Coachella A to Z
Navigating the rock fest for your teen.
“All I want for my birthday is a ticket to Coachella.” Sounds easy enough, but as many of us have discovered, the Coachella Valley Music and Arts Festival can be a bank-buster.
The $375, three-day ticket is just the beginning. Add a shuttle pass ($60), over-priced food and jacked-up hotel costs, and your teen’s desert getaway can look like a mortgage payment.
There’s not much you can do about the cost. But you can ease logistical snafus by planning smartly.
Coachella, held the weekends of April 11-13 and April 18-20 (yep, that’s Easter weekend), is expected to attract more than 80,000 people. Tickets are already sold out. Go to an after-market outlet like Craigslist, eBay or StubHub, and pay a premium.
For next year: Tickets typically become available in January at coachella.com. Read the multi-step sale instructions in advance. Confirm with your kid which weekend they want tickets for. Have your fingertips on the keyboard the moment the sale starts—usually at 10 a.m. Do all of this and you still might see “sold out.”
Another option: Coachella also has an online sale the May before each event (nearly a year in advance). For this spring’s event, that’s how I purchased my ticket. However, I waited to book a hotel until November and almost missed getting one of the last rooms available on a shuttle route. Lesson: Book room immediately after getting ticket.
There are eight shuttle routes that service 14 local hotels. Getting near the venue in a vehicle is challenging. Book a room at one of the hotels serviced by shuttles (around $400 per night).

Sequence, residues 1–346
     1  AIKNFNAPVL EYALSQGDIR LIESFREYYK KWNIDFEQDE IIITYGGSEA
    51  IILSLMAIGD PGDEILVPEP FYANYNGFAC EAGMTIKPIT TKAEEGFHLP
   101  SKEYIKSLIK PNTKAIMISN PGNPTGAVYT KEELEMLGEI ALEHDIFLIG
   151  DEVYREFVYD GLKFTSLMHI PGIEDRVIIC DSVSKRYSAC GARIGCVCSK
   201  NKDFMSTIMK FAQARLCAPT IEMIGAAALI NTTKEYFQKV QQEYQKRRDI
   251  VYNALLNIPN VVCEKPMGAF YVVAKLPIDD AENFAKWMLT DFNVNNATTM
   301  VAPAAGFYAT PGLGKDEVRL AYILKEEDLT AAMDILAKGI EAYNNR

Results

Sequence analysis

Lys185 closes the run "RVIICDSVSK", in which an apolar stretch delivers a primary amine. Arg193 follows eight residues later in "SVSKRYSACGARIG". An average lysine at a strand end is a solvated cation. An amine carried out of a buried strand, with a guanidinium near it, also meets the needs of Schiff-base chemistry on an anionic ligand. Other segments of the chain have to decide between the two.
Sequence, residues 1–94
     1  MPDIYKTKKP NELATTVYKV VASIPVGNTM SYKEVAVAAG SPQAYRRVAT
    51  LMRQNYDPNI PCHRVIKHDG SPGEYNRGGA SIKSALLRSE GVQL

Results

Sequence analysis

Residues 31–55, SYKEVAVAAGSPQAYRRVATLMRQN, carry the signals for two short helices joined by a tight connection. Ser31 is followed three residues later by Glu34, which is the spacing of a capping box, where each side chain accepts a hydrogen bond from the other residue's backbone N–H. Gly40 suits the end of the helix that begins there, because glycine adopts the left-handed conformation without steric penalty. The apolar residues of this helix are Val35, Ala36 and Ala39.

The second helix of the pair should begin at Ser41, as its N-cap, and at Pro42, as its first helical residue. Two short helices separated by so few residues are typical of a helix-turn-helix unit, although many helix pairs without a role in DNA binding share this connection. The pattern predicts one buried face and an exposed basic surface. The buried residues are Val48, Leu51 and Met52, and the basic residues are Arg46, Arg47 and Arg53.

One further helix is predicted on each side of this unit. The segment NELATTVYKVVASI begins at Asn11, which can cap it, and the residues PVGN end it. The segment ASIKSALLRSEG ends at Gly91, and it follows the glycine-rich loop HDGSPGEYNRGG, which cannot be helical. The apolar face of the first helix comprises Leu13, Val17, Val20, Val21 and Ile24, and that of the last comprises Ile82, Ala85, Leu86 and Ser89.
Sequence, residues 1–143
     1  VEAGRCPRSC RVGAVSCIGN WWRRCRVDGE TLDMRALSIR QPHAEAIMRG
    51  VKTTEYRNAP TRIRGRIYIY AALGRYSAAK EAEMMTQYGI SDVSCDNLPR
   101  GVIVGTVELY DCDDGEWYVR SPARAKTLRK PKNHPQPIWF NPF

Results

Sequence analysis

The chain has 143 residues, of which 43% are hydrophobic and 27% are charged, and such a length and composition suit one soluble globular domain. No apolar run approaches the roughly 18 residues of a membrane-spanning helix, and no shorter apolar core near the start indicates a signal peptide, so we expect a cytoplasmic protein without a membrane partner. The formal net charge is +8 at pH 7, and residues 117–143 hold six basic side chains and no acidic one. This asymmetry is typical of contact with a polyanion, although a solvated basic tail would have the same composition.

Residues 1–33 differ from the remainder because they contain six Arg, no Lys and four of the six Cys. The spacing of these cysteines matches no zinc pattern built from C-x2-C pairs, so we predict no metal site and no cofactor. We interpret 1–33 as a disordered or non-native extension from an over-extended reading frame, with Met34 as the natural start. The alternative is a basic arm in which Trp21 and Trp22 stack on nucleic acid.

There are also two “park and ride” locations—Agua Caliente Casino and Indian Wells Tennis Garden. Last year we booked a room in the slightly less expensive Palm Springs and used the casino shuttle. For us, though, it wasn’t worth the extra commute time.
There’s another way to get a ticket now. Buy a package on the Coachella website that includes a three-night stay, shuttle passes and tickets. Minimum of two people (starting at $1,985).
Avoid long food vendor lines: Eat beforehand. Stay hydrated. Queue up once to purchase water bottle and refill it at one of the free water filling stations. Bring a jacket to ward off dramatic evening drop in temperatures. Familiarize yourself with the grounds (see website map) and pre-determine meeting points. Head out with cell phones fully charged to stay connected with friends.
Alcohol is sold at the event, and many attendees openly smoke marijuana. l
Studio City’s The Bellwether restaurant offers shareable “world” cuisine.
Michael Gayanyan, a trained architect and entrepreneur, sells premium meat and seafood to cook at home or to eat on-site at Chop Shop in Granada Hills.